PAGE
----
To investigate the mechanisms by which VEGF165 conditioning influences these effects on endothelial cells, we established an in vitro Transwell model with tumor cells separated from exposure to Reo by endothelial monolayers (Figure (Figure4A).4A). Within 3 hours of adding Reo to the endothelial cell–containing chamber, input virus was hardly detectable irrespective of the presence/absence of VEGF165 (Figure (Figure4B)4B) or sunitinib (a VEGFR inhibitor) (Figure (Figure4C),4C), an effect which may be due to either rapid viral adhesion to or sequestration within the endothelial cells. When the endothelial layer was grown in continuous or no VEGF165, no virus reached the lower, tumor cell–containing chamber (Figure (Figure4D).4D). However, when the endothelial layer was first deprived of VEGF165, followed by 24 hours reexposure, it became permeable to virus (Figure (Figure4D),4D), an effect that was abrogated by sunitinib (P < 0.01 with respect to no sunitinib) (Figure (Figure4E). 4E).

Figure 4
Transwell model of tumors separated from virus by an endothelial cell layer.

Consistent with Figure Figure3,3, 72 hours after exposing endothelial cells that were deprived of and then pulsed with VEGF165 to Reo, high titers were recovered from the upper chambers (P < 0.02 compared with VEGF165 + additional VEGF165) (Figure (Figure4F).4F). Viral replication in the upper chamber was significantly (P < 0.001) inhibited by sunitinib (Figure (Figure4G).4G). Consistent with a model in which virus replicating in endothelium infects underlying tumor cells, viral replication in the lower chambers paralleled that in the upper chambers and was sunitinib sensitive (Figure (Figure4,4, H and I). Viral production under the conditions in Figure Figure4,4, B–I, closely correlated with direct cytotoxicity to endothelial (Figure (Figure5A)5A) and underlying tumor cells (Figure (Figure5B). 5B).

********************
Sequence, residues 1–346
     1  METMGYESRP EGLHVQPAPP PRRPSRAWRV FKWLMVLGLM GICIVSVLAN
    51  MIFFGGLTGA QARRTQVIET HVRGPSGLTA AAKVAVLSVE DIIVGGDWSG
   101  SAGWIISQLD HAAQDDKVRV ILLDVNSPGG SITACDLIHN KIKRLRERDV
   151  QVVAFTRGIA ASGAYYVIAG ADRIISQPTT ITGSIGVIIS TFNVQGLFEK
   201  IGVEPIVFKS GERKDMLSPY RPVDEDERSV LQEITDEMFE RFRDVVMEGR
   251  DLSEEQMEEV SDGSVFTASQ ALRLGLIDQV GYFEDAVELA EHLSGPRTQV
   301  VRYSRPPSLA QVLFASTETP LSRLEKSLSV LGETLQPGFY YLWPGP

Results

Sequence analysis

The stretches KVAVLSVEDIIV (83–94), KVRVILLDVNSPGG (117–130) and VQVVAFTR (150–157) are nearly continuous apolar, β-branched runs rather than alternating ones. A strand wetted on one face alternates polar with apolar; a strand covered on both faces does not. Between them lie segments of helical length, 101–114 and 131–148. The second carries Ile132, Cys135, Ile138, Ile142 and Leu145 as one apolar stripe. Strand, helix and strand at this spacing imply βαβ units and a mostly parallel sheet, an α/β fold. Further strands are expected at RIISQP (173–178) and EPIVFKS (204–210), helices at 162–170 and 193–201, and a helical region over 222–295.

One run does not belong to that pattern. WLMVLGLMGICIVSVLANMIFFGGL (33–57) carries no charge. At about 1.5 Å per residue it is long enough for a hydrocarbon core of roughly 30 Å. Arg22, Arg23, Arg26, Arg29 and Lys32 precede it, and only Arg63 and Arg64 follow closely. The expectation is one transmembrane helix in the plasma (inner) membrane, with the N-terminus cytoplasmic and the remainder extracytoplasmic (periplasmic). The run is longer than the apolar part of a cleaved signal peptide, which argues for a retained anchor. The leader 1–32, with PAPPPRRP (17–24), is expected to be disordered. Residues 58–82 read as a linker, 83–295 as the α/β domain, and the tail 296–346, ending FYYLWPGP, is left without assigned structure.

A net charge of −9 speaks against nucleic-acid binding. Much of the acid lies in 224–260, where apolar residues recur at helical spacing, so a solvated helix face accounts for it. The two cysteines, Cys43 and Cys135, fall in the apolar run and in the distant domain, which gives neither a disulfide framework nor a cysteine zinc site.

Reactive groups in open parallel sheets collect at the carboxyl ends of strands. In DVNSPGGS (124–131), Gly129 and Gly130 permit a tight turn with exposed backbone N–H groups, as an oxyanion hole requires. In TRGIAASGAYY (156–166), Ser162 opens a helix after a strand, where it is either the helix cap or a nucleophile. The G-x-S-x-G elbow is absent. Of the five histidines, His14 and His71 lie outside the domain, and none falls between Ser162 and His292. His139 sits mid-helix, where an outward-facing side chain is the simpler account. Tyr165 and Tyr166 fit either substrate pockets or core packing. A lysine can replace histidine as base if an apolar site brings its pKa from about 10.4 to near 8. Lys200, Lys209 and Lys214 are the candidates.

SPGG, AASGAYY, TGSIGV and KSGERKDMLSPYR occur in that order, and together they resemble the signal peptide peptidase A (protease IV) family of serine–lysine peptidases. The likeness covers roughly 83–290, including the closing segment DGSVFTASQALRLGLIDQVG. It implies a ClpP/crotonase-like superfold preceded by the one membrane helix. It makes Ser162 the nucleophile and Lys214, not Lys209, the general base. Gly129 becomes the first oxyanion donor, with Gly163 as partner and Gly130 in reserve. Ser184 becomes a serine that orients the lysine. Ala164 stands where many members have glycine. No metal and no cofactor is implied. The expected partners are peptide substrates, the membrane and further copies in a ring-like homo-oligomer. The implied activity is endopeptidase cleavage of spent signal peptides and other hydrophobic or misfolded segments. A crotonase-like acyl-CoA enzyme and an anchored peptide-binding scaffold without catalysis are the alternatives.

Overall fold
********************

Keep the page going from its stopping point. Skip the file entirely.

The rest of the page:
Figure 5
Sunitinib inhibition of VEGF-induced Reo replication.

Taken together, these data show that VEGF165 burst to endothelial layers both allows increased viral passage across the endothelial layer and provides a source of replicating virus to infect underlying tumor cells.

Inhibitors of VEGF165 signaling can be combined with oncolytic virotherapy.

Depriving endothelial cells of VEGF165 and then providing a VEGF burst conditions them for efficient reoviral replication. We hypothesized that treating VEGF165-producing tumors with a VEGF inhibitor and then withdrawing treatment to allow the VEGF level to rebound might also condition endothelium for enhanced Reo replication. To test this hypothesis, we replaced VEGF165-nonproducing B16 with VEGF165-expressing B16 cells (B16-VEGF) (39) in the experiments depicted in Figure Figure1.1. In one experiment, (VEGF165 × 3) + (Reo × 2) was no better than (PBS × 3) + (Reo × 2) (P > 0.05), and in another, (VEGF165 × 3) + (Reo × 2) prolonged survival (P = 0.05) but did not yield cures, in contrast to what is shown in Figure Figure1B.1B. These data support our hypothesis that continual VEGF165 signaling to tumor-associated endothelium does not confer permissivity for Reo replication (Figures (Figures33 and and4). 4).

Using data from the Transwell model with HUVEC, sunitinib, and B16-VEGF cells (data not shown), we assessed various schedules of sunitinib and Reo. Sunitinib alone had no therapeutic effects on B16-VEGF tumors (Figure (Figure6A)6A) compared with PBS or Reo alone (data not shown). Separation of 2 daily doses of sunitinib from 2 daily doses of Reo by 48 hours significantly delayed growth of B16-VEGF tumors (P < 0.02 vs. PBS or Reo alone), although most tumors showed only transient growth retardation (Figure (Figure6B).6B). In contrast, a 24-hour interval between finishing sunitinib and starting Reo was significantly more effective, leading to prolonged regression and a single cure (Figure (Figure6C). 6C).

Figure 6
Sunitinib inhibition of VEGF165-producing tumors synergizes with systemic Reo.